Levine on Wall Street: Bapsolute Spoofing

Matt Levine is a Bloomberg View columnist. He was an editor of Dealbreaker, an investment banker at Goldman Sachs, a mergers and acquisitions lawyer at Wachtell, Lipton, Rosen & Katz and a clerk for the U.S. Court of Appeals for the Third Circuit.
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Some Mathew Martoma.

I know, you've read a lot about the SAC Capital insider trading story, but this New Yorker piece by Patrick Radden Keefe is nonetheless pretty amazing. Ponder, for instance, the difference between insider trading and legitimate research:

Martoma had always been avid about research, and he was impressed by S.A.C.’s resources. At his disposal was a boutique firm full of former C.I.A. officers who could monitor the public statements of corporate executives and evaluate whether they were hiding something; S.A.C. also had a “buffet plan” with the Gerson Lehrman Group, giving Martoma unrestricted access to thousands of experts.

There is Mathew Martoma's fascination with bapi, the drug that was developed by the company he was convicted of insider trading: "The fixation became a running joke" between Martoma and his wife, "and her conversations with him were often punctuated by the word 'Bapsolutely!'" There is the cruelty of the FBI, telling Martoma "You’re going to lose all your friends, and your children are going to grow up hating you, because you’re going to live your years in a jail cell." There's the silliness of federal prosecutors, who have to begin every insider trading case with the dumb bromide "The case is about cheating." And there is this sick, sick burn on Duke:

When Martoma’s father first came to America, he was admitted to M.I.T., but he could not afford to attend. He retained a fascination with Cambridge, however, and prayed daily that his oldest son would go to Harvard. Martoma graduated from high school as co-valedictorian, but he ended up going to Duke. Shortly after Mathew’s eighteenth birthday, Bobby presented him with a plaque inscribed with the words “Son Who Shattered His Father’s Dream.”

A spoofing prosecution will be hard.

One theory that you sometimes hear is "white-collar crime X is so complicated, prosecutors will find it hard to get a jury to convict." I do not find this theory remotely plausible; juries seem happy to convict white-collar criminals of crimes that they don't quite understand. But the problem with the first-ever spoofing prosecution is not so much that it will be difficult to get a conviction, but that it will be difficult to get a conviction on a theory that doesn't make, like, all stock trading illegal. Here is Peter Henning, who literally wrote a book called "Securities Crimes":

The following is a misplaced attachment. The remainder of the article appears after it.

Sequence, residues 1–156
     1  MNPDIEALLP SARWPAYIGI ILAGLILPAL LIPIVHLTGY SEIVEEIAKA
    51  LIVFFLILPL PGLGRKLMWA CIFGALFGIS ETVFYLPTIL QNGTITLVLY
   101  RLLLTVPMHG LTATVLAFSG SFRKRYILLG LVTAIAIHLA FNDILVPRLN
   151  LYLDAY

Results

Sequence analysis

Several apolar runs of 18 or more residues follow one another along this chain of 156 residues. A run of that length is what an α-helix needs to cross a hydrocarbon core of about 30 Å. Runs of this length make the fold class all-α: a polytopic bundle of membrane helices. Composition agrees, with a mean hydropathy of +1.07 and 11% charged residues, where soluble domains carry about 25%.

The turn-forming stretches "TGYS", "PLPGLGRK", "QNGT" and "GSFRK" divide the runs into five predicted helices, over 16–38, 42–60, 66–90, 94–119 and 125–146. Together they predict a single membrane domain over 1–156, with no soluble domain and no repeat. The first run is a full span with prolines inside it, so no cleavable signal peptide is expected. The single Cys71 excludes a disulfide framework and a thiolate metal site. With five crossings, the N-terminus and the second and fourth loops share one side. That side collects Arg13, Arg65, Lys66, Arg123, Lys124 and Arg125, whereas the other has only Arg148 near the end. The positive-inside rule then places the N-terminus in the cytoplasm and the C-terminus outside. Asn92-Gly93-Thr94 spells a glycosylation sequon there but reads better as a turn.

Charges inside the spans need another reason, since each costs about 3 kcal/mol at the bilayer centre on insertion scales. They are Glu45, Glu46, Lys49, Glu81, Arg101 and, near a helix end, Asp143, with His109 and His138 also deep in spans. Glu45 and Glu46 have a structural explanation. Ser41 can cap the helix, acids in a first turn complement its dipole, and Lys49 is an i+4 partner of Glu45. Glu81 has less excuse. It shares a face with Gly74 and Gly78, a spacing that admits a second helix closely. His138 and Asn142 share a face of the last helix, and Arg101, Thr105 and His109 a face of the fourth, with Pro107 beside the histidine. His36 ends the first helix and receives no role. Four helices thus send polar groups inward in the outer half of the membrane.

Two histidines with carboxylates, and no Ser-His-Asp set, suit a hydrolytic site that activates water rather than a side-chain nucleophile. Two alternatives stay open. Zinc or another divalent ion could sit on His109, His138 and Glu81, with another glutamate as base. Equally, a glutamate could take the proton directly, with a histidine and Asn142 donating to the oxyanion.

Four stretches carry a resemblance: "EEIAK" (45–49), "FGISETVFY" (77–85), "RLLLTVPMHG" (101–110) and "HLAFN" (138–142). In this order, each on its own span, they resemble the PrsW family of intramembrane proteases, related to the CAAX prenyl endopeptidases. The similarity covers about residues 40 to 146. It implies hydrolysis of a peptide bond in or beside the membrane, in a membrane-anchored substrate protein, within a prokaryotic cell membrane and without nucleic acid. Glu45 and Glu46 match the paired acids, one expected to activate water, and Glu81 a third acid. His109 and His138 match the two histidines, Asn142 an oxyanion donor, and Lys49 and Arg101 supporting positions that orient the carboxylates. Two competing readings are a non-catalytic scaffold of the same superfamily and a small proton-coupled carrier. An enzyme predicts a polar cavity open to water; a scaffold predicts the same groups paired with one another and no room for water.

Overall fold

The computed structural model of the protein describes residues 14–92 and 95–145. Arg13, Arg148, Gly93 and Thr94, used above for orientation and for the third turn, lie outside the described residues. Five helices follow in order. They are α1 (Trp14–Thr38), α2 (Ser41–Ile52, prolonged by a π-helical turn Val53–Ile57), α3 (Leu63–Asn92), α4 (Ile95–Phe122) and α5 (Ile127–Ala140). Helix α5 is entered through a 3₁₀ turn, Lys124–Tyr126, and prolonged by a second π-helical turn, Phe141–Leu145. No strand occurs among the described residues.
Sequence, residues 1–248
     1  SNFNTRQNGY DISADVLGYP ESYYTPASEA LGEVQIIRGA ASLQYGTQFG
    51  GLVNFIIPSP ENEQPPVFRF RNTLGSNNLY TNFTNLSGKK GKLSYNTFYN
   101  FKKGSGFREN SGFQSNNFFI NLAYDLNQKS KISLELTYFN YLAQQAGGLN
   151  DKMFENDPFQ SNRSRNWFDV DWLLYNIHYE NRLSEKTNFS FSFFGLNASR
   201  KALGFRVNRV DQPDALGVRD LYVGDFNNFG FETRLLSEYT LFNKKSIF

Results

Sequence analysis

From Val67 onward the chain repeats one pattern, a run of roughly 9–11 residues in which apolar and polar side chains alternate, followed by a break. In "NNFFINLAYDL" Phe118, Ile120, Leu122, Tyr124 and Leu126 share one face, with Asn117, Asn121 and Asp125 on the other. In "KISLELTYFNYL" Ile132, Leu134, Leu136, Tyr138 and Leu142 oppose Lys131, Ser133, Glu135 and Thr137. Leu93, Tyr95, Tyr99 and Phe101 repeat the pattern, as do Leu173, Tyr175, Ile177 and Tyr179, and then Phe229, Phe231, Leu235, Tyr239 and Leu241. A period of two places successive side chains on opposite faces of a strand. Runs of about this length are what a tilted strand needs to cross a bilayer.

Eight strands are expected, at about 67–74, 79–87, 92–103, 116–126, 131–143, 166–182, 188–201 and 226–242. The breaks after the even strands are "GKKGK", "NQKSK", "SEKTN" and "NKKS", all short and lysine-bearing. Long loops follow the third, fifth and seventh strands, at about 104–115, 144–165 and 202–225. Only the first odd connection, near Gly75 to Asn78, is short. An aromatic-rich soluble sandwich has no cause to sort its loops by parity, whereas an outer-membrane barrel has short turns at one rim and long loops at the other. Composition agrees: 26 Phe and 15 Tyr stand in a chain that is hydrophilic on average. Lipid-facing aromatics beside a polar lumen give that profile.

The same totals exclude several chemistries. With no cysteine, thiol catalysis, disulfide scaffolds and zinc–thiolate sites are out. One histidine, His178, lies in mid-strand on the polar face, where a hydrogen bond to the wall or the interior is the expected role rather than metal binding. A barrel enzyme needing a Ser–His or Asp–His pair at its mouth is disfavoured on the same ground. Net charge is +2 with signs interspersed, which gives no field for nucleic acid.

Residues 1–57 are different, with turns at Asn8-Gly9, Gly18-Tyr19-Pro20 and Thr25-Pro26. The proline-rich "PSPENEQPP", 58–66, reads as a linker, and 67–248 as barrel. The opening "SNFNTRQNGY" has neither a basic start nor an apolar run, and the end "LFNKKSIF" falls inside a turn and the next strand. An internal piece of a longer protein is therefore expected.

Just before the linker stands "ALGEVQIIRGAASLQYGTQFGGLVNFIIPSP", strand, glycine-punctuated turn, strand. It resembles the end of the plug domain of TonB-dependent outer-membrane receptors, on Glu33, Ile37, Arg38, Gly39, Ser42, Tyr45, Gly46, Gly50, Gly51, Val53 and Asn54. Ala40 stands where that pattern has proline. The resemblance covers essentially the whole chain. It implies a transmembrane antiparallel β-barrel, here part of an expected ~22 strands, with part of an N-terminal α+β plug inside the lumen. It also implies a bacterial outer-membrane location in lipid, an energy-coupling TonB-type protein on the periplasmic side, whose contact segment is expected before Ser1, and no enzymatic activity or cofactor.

Mr. Coscia can offer a good faith defense, which is available for any crime requiring proof of fraudulent intent. He may try to show that other high-frequency traders routinely cancel orders, with estimates of as many as 90 percent of all orders being canceled before they are executed. It is not a matter of claiming that what he did was right because everyone else did it, but rather that there was no intent to defraud when traders know that most orders quickly disappear and are never filled.

Umm. Well. This is a conceptually simple distinction: A lot of legitimate market-maker-type strategies post orders to buy Stock X for $10 and sell it for $10.05 on 50 different trading venues. That's 100 orders. Then a buyer lifts the offer at $10.05 on the New York Stock Exchange. That's one executed order. Then the algorithm updates and decides that, based on that demand, the stock now should be at $10.01/$10.06. So it cancels 99 orders and re-enters them a penny higher. That's a 99 percent cancellation rate due solely to market-making and market fragmentation. Or more generally: If information updates -- if there's new economic news, or trades in correlated securities -- you have to update your orders, and you have a lot of them, because there are a lot of venue.

Spoofing is different; it's entering orders intending to cancel them, and with no intention of them executing at the time you enter them. But intent is hard to know directly, and it requires some economic intuition to interpret the indirect evidence of it. So will prosecutors lean on "well he canceled a lot of orders" as evidence? Probably! If so, will that make legitimate trading riskier? Maybe?

Snapchat is not Alibaba.